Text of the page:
Akron Irish: The Celtic Spirit
By Lisa O’Rourke
This may be a controversial statement, but in terms of style, I think that it would be commonly acknowledged that the French have it all over the Irish. Or so I thought. While this superiority may be true in the fashion terms, the maxim does not hold in terms of spirituality.
Irish spirituality is trendy. In the Christian world, there were none so Christian as the penitent Irish and for the New Agers, there were none so tree hugging as the Irish. The word penitent has resonance, since the image of Irish Catholics is one of a devout group, so much so that they are often seen as a suspicious and fearful group, waiting in dread for a mythical shoe to drop. There are countless stories of humorless clergy beating religion into free spirited children. Yet this contradicts so much of the everyday life in Ireland since no country I know of loves children and their respective spirits more. It was always an odd juxtaposition.
Illumination on this point happened a few weeks ago when a friend casually mentioned that the French were responsible for the “blood and guts” of Irish faith. He further explained that the Irish, left to their own devices, would have happily contemplated the resurrection much more deeply.
This friend, Fr. Eric Funston, should know of what he speaks since he went to Ireland with the purpose of immersing himself in some of the oldest Irish Gaelic prayers and song. One of the things that he learned, and research confirms, is that Irish Catholicism and therefore spirituality was morphed into a different form by the arch villain of Irish history, Oliver Cromwell.
Honestly, he is worthy of a Batman movie. But I digress, when Cromwell ran the Catholics out of Ireland in 1650, he did so by death and exile of laymen and clergy.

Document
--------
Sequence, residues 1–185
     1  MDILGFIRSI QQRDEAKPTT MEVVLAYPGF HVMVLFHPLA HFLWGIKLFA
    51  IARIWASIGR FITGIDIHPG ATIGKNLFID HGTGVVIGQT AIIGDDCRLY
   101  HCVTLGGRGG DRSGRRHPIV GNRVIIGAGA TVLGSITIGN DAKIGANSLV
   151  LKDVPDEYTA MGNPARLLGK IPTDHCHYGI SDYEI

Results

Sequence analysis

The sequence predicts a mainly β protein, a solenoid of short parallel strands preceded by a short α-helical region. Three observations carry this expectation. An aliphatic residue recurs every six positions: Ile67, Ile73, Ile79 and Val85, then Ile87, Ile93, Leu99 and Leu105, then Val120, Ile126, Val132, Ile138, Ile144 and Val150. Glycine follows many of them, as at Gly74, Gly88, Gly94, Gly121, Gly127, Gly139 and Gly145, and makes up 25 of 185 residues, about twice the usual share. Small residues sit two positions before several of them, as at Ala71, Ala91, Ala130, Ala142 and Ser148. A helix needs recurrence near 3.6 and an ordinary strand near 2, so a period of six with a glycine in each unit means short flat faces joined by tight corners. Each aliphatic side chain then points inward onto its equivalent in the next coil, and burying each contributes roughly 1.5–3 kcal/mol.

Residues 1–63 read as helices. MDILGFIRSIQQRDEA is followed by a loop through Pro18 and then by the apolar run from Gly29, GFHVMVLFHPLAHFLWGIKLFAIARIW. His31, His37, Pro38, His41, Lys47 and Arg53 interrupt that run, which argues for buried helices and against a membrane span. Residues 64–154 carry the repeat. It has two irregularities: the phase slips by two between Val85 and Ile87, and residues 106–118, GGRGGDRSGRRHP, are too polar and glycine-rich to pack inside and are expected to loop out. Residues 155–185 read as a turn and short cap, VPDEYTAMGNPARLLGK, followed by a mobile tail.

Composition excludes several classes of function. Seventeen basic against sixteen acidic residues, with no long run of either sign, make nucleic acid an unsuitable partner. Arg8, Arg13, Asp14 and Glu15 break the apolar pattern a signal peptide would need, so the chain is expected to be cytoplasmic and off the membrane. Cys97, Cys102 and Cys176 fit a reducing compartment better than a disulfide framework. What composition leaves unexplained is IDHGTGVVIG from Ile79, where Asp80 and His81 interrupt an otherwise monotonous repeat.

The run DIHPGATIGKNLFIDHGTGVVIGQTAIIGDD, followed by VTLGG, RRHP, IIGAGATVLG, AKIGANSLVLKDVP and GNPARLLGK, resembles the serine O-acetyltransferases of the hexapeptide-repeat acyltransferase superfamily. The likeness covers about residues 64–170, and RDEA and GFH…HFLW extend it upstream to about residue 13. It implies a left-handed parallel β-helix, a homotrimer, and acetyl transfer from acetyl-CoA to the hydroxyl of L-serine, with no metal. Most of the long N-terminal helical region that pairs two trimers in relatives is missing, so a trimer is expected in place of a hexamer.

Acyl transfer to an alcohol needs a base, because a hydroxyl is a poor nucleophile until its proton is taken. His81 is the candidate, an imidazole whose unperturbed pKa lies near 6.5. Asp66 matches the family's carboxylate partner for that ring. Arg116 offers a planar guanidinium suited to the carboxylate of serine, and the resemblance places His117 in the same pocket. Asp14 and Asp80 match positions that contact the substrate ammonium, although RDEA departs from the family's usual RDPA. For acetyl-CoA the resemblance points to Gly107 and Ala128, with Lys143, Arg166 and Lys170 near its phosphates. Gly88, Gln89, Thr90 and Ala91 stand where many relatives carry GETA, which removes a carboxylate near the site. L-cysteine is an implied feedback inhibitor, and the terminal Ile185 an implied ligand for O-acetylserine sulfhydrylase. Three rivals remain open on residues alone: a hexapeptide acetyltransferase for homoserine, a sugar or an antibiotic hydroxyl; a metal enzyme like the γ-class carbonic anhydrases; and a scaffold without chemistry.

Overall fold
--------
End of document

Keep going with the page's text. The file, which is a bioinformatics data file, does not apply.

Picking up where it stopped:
Most of the clergy that was able to flee did so to France and Spain. The missing clergy were eventually replaced by Europeans from those countries, or returned as changed exiles. Whereas the French were consumed by the sacrificial elements of Catholicism, the blood, death and more gruesome elements of the primary story of Christians, trough this process, the more ethereal otherworldly Celtic ideology was replaced by the more European crucifixion bloody stories. I had to insert that the concepts of the spiral of life and the idea of an eternal spirit were present in the ancient pagan religions in Ireland too.
Easter is the quintessential Irish holiday. In it, we see the ancient spirit melded with the contemporary political, and back to spirit again. The cornerstone of the ancient belief system was around the circle of life, resurrection and birth. It seems no small coincidence that the Rising that began the nation happened under the gaze of Newgrange at the time of rebirth.
Easter is the season of rebirth. It is spiritual, the resurrection of the lord the realization of the spirit, the trinity. It was a huge celebration for pagan people since their very survival depended on it.
I love thinking about the ancient Irish, wandering around that cold little rock in the ocean, puzzling out their existence while fending off some giant elk. Their optimism that they would cycle back around is inspiring. It is also inspiring to think of them drawing these ideas from the natural cycles that they observed.
Irish spirituality morphed rather easily into what was then Irish Catholicism. This process was aided by the Roman Patrick, a quick study, who saw the way to win over these people was to co-opt their existing beliefs. Samhain, the Celtic celebration of the end of harvest and the temporary death of the earth, became Halloween.
*Lisa O’Rourke is an educator from Akron. She has a BA in English and a Master’s in Reading/Elementary Education. Lisa is a student of everything Irish, primarily Gaeilge. She runs a Gaeilge study group at the AOH/Mark Heffernan Division. She is married to Dónal and has two sons, Danny and Liam. Lisa enjoys art, reading, music, and travel. She enjoys spending time with her dog,, cats and fish. Lisa can be contacted at email@example.com.
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